News that the end is near for the former Bon Secours Hospital comes as no surprise.
But that forewarning doesn't eliminate the emotional pain that comes with knowing a longtime part of our community will soon be gone, despite the dedicated service of so many for so long.
Last week, Altoona Regional Health System announced that the hospital that operated under the Mercy and Bon Secours hospital name and now called the Seventh Avenue Campus will close on March 28. All patient care will be consolidated at the Altoona Hospital Campus.
It's a change that has been in the works for years.
In November 2004, after decades of fighting like cats and dogs and amidst ever increasing pressure to control costs, Bon Secours-Holy Family Hospital and Altoona Hospital merged to create Altoona Regional Health System.
That set the stage for the eventual consolidation of services about to be completed.
Over the years, numerous construction projects have been undertaken that has made closing the former Catholic hospital possible. And nearly a year ago, Bon Secours Health System announced it was ending its affiliation with Altoona Regional.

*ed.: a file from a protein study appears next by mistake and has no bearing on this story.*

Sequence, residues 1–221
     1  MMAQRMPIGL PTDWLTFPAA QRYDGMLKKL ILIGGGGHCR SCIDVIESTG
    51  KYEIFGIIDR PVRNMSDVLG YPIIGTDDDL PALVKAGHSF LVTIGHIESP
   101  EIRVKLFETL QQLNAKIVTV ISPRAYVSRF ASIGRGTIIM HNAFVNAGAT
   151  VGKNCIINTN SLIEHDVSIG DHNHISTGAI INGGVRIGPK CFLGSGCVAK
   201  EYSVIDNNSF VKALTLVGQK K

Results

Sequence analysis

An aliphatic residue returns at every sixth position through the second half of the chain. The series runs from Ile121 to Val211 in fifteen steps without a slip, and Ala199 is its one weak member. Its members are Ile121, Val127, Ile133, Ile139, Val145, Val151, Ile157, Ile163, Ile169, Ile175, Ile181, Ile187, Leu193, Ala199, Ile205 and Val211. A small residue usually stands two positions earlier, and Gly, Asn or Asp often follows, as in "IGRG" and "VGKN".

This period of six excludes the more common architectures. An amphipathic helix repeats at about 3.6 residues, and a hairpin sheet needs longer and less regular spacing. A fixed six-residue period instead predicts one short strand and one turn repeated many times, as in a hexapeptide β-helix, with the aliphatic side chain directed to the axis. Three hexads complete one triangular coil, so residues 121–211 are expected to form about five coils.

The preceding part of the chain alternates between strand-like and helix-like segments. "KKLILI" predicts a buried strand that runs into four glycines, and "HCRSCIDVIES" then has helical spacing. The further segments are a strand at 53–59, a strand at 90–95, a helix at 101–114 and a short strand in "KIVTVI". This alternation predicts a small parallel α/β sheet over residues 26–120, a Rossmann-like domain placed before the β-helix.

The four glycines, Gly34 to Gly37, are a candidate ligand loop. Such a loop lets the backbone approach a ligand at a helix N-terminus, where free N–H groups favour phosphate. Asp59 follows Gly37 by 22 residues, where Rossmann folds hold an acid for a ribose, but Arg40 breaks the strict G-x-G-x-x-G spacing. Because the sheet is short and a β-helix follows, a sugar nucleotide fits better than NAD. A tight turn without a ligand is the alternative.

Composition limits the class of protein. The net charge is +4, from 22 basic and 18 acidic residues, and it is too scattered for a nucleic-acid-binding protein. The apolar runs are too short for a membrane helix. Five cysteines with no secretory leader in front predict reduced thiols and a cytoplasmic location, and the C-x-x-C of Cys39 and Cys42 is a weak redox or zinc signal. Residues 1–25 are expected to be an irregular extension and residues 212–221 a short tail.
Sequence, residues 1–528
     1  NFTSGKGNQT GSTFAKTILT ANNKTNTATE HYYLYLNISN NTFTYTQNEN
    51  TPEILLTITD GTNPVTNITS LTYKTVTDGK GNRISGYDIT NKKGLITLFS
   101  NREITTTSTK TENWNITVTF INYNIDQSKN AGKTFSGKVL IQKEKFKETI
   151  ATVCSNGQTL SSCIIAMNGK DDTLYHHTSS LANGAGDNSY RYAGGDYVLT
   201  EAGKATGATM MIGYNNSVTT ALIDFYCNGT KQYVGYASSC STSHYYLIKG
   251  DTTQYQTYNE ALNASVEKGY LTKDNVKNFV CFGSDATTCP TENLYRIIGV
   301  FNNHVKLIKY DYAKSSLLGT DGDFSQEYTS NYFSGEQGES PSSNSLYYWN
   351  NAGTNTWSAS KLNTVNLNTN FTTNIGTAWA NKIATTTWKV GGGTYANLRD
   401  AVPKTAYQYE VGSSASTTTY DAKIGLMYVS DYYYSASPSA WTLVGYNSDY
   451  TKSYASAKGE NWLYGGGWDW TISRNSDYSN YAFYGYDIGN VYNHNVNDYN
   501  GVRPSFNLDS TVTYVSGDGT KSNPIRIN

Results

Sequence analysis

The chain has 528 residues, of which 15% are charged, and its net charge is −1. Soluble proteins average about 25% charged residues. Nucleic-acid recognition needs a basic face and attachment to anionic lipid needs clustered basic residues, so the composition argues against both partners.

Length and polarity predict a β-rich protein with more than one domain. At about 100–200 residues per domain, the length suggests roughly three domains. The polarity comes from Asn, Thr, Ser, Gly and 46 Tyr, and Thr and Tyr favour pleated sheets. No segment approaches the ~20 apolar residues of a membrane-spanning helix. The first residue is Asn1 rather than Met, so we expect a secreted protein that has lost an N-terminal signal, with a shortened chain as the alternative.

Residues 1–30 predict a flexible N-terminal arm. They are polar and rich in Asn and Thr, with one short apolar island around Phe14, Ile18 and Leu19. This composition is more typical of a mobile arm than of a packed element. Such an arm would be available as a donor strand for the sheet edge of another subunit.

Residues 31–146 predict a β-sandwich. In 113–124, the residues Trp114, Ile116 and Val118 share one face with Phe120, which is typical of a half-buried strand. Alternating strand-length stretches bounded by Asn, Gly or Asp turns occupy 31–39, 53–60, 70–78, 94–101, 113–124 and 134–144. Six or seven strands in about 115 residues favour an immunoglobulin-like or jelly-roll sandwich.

When the former Bon Secours facility closes, it will end a long and proud chapter in Altoona's history, and all who have worked at the hospital deserve our thanks.
This closure isn't a reflection on their care or their service but rather is the result of health care changes, such as the cost of buying equipment and efforts by the government and insurance companies to hold down the cost of care that made keeping two full-line hospitals serving the same pool of patients unrealistic.
But as in life, while we can remember fondly bygone days, we have to live in the present. And Altoona and the health care system continue to change and present new challenges.
One doesn't have to like all of the changes. But we have to live with them, and given everything we are seeing, completing the consolidation makes the most sense for health care in the region.
For now, the days for the Seventh Avenue Campus are numbered. And while people may mourn its eventual closing, we will move on and hope that the eventual development of the land now occupied by the hospital will bring new benefits to our community in the future.